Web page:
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Defensive Aggression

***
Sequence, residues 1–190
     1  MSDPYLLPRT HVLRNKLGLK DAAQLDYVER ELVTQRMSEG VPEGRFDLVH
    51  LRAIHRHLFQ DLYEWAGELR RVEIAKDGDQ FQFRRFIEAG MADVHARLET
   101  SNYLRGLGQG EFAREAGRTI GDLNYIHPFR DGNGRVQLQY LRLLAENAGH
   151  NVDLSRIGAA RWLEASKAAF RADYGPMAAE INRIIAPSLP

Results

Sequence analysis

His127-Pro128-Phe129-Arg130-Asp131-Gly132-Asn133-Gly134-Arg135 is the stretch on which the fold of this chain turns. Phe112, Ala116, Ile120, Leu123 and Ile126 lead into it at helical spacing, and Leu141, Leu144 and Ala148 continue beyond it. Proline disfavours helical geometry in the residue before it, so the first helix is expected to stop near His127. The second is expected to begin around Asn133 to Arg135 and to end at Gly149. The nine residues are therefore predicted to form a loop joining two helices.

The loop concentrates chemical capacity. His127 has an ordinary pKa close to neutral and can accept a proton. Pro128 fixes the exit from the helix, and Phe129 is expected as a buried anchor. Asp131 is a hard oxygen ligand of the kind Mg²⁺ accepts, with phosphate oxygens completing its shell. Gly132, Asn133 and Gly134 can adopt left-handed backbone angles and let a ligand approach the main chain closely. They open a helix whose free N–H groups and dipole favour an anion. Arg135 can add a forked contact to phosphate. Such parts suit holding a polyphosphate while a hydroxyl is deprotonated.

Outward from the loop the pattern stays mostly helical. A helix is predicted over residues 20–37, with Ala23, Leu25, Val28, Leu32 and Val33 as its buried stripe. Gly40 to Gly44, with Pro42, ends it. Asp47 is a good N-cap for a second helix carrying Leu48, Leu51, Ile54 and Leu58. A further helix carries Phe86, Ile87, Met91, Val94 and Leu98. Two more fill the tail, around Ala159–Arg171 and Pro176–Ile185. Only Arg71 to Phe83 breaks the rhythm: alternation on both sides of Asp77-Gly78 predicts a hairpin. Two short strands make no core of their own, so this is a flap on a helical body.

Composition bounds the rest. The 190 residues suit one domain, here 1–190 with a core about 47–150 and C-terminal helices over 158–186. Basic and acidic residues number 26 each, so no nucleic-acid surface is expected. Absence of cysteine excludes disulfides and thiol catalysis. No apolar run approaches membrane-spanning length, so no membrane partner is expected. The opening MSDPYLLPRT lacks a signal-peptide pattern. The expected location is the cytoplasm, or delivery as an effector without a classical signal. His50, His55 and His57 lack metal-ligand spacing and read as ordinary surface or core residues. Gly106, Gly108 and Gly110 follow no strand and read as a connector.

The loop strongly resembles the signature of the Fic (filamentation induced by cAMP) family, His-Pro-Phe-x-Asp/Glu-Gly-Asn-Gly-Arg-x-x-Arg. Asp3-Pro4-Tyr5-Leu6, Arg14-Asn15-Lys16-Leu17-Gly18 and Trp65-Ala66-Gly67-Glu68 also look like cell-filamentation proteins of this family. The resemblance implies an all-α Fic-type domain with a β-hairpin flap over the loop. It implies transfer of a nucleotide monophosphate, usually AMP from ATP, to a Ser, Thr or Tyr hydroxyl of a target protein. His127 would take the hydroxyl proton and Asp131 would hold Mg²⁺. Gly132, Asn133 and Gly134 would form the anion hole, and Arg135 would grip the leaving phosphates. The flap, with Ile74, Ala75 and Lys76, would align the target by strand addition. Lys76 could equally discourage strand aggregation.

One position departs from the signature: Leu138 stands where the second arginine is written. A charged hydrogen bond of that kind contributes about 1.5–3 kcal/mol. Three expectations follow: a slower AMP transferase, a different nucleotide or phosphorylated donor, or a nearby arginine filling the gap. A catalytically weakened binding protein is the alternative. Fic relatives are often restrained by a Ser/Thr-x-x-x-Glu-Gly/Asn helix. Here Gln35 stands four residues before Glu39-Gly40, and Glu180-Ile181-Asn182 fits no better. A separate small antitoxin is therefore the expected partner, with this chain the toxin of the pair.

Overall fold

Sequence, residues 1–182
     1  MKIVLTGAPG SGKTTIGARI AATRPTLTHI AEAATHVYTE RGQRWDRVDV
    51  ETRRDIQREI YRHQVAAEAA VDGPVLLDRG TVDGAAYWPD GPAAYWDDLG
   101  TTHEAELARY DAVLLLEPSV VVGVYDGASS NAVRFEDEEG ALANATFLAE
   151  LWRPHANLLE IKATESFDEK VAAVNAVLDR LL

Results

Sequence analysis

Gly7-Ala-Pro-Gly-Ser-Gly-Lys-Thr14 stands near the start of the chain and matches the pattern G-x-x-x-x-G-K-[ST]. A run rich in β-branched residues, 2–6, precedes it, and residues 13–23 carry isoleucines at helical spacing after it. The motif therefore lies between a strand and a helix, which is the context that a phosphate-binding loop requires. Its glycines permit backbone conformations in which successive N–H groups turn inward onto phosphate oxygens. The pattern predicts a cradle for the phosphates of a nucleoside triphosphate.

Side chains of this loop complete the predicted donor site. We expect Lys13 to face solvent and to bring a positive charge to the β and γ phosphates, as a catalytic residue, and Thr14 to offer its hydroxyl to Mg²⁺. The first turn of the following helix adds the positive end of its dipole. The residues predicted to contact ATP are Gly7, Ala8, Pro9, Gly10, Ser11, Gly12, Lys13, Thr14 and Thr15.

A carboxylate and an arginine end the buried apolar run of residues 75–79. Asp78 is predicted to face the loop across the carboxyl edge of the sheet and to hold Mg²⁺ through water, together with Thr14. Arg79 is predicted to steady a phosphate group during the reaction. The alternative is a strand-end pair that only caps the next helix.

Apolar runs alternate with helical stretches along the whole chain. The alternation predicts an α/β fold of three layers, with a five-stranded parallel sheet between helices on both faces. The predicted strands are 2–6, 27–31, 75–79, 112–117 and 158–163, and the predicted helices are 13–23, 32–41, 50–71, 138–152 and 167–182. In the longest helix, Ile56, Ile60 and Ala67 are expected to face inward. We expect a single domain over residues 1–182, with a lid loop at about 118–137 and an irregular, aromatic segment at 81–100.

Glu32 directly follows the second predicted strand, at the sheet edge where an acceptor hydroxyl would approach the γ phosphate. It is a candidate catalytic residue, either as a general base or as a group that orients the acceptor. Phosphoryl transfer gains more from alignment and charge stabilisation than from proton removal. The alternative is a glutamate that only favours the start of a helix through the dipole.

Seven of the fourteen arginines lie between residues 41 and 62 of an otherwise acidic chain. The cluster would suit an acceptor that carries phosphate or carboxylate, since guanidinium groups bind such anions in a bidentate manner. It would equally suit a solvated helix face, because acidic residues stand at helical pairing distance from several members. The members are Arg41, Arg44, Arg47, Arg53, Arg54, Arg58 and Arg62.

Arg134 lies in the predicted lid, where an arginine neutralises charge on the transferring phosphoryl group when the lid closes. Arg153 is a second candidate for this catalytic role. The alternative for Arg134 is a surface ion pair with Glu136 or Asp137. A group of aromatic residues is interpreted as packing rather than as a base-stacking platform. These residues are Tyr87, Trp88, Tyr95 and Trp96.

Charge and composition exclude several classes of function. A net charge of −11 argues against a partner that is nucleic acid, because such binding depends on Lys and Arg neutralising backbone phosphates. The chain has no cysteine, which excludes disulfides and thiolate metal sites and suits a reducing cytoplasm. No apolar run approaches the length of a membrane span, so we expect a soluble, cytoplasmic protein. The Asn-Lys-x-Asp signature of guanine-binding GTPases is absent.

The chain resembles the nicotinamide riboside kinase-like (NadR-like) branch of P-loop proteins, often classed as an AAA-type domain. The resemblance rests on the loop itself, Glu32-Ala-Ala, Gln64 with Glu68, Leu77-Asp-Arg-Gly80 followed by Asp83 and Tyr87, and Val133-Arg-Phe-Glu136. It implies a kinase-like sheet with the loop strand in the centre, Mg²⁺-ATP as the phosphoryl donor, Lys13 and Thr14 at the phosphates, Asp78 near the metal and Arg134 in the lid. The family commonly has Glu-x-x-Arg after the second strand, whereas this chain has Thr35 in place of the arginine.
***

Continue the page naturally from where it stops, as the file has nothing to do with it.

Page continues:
Typically produced when a dog is being attacked or when there is a threat of being attacked. This can actually occur even when there is no apparent threat. This may occur if there has been any significant past trauma, and when certain associated stimuli or circumstances are present that occurred at, or prior to, the time of trauma, the animal can anticipate a threat and act defensively at this time. Often, but not always, defensive aggression manifests itself in situations where a dog is cornered, or its movement is restricted (e.g. by a leash or line). Usually these dogs will provide some subset of threat displays (e.g. lifting its lip, growling, snapping out at the air). Often their ears will be back, and the hair on some portion along their back may be up. Their tails are often tucked. Other aggressive motivational states can occur simultaneously which can act to alter the visual displays produced (body language and behaviors). These dogs should not be provoked or antagonized. They are acting primarily out of fear for their own safety, and adding further aggressiveness to this situation can be harmful on a number of levels.